A group of kids see something pink floating in the waters. Mr. Bennett, a guest at the resort, walks into it, getting it tangled up on him. He is now covered in globs of this chunky, fleshy goo. Bennett seems to think it’s chum. And he’s correct. We just aren’t exactly sure what kind of chum and from where it came. It could easily be “Sandy-flavored”.

His assistant manager, Rachel, floats to shore while standing astride a native paddle boat. Rachel is a sexy blonde in a white bikini top. It’s a scene straight out of some old jungle adventure film, the island queen making her appearance. The image is nothing more than cheap sexploitation and it’s friggin fantastic!

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Forbes rushes Rachel down the beach, away from their guests, to tell her about the Bennett incident. He believes that some locals, the Sullivan’s, are out to ruin his business. In his frantic state, he almost sits on a severed shark’s head before Rachel stops him. Despite Forbes’ attempt at privacy, the scene is played for a laugh with a resort guest standing right behind him for the entire conversation. The man is even taking pictures of the shark’s head. Take note of this folks. This just may be the highlight of the film.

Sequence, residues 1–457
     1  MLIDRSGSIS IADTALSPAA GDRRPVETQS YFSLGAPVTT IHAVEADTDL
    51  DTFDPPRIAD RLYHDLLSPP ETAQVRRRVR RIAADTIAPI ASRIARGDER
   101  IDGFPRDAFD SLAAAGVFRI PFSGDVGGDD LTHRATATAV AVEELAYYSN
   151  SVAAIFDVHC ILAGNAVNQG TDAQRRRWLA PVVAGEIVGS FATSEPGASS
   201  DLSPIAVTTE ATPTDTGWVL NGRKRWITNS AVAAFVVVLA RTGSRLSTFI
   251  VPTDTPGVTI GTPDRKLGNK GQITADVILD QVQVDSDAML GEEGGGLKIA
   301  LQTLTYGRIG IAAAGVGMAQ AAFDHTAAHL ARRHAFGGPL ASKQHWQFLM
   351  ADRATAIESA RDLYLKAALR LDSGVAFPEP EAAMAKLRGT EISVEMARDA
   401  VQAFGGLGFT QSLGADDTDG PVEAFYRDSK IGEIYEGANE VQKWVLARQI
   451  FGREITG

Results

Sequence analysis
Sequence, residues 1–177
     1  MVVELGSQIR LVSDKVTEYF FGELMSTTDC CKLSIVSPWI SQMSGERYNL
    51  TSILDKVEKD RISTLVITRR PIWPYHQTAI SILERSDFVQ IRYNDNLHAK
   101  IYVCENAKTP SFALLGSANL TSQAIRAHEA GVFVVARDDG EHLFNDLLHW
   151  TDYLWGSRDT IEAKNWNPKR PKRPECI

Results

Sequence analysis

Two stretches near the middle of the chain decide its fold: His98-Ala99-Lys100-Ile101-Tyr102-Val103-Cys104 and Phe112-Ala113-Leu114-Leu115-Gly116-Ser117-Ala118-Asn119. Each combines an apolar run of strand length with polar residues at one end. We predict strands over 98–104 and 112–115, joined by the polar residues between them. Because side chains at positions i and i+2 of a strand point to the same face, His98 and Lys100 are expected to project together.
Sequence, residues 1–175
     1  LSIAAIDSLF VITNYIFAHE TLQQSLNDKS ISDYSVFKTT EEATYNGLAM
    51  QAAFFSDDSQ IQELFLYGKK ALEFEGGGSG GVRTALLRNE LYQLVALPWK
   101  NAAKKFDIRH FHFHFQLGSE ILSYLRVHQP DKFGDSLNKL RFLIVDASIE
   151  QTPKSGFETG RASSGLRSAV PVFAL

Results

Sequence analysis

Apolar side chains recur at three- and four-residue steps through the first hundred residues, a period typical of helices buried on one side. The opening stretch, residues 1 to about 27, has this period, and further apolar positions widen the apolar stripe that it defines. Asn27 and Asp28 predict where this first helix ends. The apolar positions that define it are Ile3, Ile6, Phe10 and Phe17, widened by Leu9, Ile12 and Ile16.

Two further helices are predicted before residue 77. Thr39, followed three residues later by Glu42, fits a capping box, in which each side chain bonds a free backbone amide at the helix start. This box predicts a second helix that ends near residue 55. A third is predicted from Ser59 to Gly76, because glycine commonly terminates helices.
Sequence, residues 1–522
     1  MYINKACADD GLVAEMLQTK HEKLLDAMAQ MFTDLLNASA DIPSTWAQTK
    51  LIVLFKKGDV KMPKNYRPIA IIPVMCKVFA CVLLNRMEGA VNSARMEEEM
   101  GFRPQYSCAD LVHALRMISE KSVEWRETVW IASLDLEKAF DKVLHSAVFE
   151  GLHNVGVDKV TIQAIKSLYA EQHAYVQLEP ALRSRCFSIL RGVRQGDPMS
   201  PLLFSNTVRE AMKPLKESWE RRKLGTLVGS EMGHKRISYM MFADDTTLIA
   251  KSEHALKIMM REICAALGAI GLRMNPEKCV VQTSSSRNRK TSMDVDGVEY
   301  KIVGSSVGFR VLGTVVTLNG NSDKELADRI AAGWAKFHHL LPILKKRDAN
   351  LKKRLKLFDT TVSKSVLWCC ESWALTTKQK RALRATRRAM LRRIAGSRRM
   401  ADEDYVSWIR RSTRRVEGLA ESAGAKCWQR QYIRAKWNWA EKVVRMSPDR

The Bennett’s are out walking the local market. They stop to look at some small, wooden statues. The vendor has put a “not for sale” sign on one of them. He tells the tourists that it’s “magical” in the hopes of baiting and reeling in a “suckerfish”. He tells Bennett that he wants $100 for it. A younger, American man approaches Bennett and warns him that the statue is a fake. He tells Bennett not to pay more than $50 for it, and he then walks back to his seat at the small bar across the street.

The Bennett’s do indeed pay $50 for the statue. They approach the man at the bar to thank him for the “warning” on the statue. The man introduces himself as “Greg Sullivan” (Sam Bottoms- Apocalypse Now, Dolly Dearest), who is actually a local con artist. He mentions that he lives on a boat with his uncle, a charter boat captain. Mr. Bennett asks to see the boat as he is interested in doing some fishing. Greg gives them the address and tells them to stop by later. Before Greg leaves, the statue dealer slips him his “cut” of the sale.